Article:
Two years in, the BC Jobs plan is failing to deliver

January 9, 2014

It’s traditional in many cultures to usher in the New Year with wishes for prosperity. But after a year of slow growth when the province actually lost jobs, fewer BC families can expect to see those wishes come true.

To see such weak job market performance four years into a post-recession recovery is unusual to say the least. It leaves British Columbians rightly wondering if the provincial government’s flagship economic initiative, the BC Jobs Plan, is failing to deliver.

A new report I’ve published with the Canadian Centre for Policy Alternatives offers some answers. BC Jobs Plan Reality Check examines a number of indicators of labour market performance and compares the pace of recovery since the Jobs Plan was announced in late September 2011 with the two years of the recovery that preceded it.

The findings reveal a largely jobless recovery, which was not significantly boosted by the BC Jobs Plan. While the jobs recovery has been disappointing across Canada, BC’s is weaker than the Canadian average. The persistently high unemployment rate, still over 2 percentage points above the pre-recession levels, is only the tip of the iceberg.

Jobs created since the Jobs Plan have been primarily temporary positions and have not kept up with BC’s growing population. The employment rate (the proportion of working age British Columbians who have jobs) is virtually unchanged since the worst of the recession. In fact, the province would need 94,000 more jobs to reach the pre-recession benchmark of 74%. That’s as many jobs as were created in 2010, 2011 and 2012 combined.

The Jobs Plan was supposed to stimulate private sector job creation, but the private sector actually lost 12,000 jobs in the first ten months of 2013. It’s very rare for the private sector to shed jobs outside of a recession. In the last 40 years in BC, it has happened only once, in 2001, and then only about 2,700 jobs were lost, much fewer than last year.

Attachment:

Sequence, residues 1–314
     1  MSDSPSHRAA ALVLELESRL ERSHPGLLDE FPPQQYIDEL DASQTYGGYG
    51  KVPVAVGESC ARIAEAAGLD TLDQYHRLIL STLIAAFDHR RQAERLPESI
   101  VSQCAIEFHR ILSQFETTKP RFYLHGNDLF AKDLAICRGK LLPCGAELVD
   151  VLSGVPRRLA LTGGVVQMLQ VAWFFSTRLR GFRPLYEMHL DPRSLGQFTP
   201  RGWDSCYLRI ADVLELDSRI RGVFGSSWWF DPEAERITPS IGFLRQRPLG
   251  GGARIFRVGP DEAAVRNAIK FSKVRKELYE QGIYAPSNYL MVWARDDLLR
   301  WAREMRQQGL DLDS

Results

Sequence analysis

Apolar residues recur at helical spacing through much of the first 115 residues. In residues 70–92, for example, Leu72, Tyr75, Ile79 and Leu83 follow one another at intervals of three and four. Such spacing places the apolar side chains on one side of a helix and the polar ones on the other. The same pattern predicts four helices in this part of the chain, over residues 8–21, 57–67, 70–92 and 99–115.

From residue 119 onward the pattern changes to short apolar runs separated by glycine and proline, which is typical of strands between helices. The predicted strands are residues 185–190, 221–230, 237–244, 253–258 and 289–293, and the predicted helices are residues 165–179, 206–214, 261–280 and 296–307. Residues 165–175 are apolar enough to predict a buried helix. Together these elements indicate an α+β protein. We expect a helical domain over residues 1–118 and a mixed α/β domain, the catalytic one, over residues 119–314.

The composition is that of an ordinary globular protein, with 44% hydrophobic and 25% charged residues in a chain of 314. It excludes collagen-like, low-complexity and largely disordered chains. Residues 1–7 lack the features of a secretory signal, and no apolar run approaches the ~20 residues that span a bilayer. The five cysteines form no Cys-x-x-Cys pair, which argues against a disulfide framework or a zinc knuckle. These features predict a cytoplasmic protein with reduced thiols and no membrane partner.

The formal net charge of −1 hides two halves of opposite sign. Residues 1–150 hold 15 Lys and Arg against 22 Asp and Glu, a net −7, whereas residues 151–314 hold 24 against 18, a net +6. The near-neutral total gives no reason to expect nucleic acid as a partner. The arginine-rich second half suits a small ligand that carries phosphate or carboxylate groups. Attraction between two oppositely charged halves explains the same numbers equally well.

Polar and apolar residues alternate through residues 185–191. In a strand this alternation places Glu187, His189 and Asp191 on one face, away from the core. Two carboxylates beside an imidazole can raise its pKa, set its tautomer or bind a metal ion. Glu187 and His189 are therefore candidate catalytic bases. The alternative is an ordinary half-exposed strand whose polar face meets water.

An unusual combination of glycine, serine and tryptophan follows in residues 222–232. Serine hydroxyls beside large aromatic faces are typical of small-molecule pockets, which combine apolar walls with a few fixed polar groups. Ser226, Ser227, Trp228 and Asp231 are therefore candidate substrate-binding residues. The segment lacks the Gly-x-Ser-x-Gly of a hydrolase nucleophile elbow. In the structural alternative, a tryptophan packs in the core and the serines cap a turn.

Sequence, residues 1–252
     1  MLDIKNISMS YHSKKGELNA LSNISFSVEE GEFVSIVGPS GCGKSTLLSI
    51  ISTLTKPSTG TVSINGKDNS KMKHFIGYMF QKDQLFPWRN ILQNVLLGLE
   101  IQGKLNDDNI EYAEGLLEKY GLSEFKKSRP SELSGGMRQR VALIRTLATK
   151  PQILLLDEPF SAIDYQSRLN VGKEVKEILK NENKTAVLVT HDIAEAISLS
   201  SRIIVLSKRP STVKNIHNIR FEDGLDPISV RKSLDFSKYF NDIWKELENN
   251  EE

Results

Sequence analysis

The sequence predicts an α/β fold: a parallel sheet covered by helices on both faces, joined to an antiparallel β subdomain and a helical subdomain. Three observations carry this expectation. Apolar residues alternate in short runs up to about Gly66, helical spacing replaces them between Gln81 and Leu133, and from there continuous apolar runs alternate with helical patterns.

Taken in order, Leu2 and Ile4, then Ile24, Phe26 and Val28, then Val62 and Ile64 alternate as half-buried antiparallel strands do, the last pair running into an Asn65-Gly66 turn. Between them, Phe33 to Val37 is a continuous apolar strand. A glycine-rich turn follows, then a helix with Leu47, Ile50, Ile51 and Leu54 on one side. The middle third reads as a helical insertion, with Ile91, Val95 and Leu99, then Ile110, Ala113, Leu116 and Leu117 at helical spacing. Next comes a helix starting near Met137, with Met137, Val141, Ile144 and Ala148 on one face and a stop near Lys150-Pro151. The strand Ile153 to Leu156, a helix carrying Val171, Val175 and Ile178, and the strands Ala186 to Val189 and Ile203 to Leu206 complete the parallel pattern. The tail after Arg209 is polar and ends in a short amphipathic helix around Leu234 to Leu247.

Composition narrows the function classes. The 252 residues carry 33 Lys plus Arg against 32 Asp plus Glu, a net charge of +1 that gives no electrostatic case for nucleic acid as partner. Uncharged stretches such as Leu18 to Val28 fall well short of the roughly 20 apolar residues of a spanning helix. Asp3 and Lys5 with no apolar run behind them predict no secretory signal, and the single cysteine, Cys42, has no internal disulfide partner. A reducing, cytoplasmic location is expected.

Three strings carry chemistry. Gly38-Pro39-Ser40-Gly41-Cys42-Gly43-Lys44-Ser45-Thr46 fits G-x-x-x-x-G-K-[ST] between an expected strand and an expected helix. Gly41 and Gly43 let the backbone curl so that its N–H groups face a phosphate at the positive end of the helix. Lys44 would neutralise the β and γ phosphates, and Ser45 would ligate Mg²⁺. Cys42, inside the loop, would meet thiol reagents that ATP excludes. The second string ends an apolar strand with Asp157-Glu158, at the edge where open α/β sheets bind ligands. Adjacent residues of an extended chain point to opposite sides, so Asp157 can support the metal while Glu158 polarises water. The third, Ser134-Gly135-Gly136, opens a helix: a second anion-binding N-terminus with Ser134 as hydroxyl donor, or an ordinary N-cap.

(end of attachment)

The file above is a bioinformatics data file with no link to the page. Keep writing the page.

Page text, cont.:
The resource focus of the BC Jobs Plan was supposed to breathe life into regions outside the Lower Mainland and Greater Victoria, which were hit particularly hard by the recession. But while a few towns like Prince George have seen a lot of activity over the last two years, when all the numbers are added up, only the Kootenay and Northeast economic region have experienced net job creation since the Jobs Plan was launched. Thompson-Okanagan, the Cariboo, and the North Coast and Nechako have fewer jobs than before the plan, and have yet to recover the jobs lost during the recession.

While the government touts the role of the resource sector in job creation, the reality is that just 2% of British Columbians are directly employed in mining, oil and gas extraction and forestry and logging combined. This sector remains such a small share of the job market that even a doubling or tripling of employment would not place it among top employment sectors in BC.

Besides, the majority of jobs stemming from these resource projects will be generated during their construction stage, so any lift to the local economies is likely to be short-lived. And these jobs would come at a great environmental price, threatening northern communities with air and water pollution and endangering our climate.

On top of this, there is concern that many of these new resource jobs may be filled with temporary foreign workers or skilled workers coming from other parts of the country rather than by local unemployed workers.

While temporary foreign workers take up a small share of BC jobs (just over 3% as of December 2012), the increase in temporary foreign workers since the recession represents 29% of the net new jobs created in the province. This points to serious gaps in our skills training programs that are putting youth and unemployed workers at a disadvantage.

One of the assumptions behind the Jobs Plan is that all governments can do is create favourable conditions for (mostly foreign) investors to step in and create jobs. This is not only false but also very limiting for our province.

The government itself can be a source of what Premier Clark calls “the first new dollar.” Whether it’s by hiring workers to enhance public services and make them more accessible, by purchasing goods and services from BC businesses or by initiating work on needed infrastructure projects, the provincial government can create jobs and leverage significant spin-off hiring and investment by the private sector.

As we enter the fifth year of a largely jobless recovery, it’s becoming clear that BC’s current economic strategy is failing to deliver. We need to shift to an economic strategy that is more diversified and less environmentally risky, and that puts more British Columbians to work in well-paying, family-supporting jobs.

Iglika Ivanova is Economist and Public Interest Researcher with the Canadians Centre for Policy Alternatives and author of BC Jobs Plan Reality Check: The First Two Years.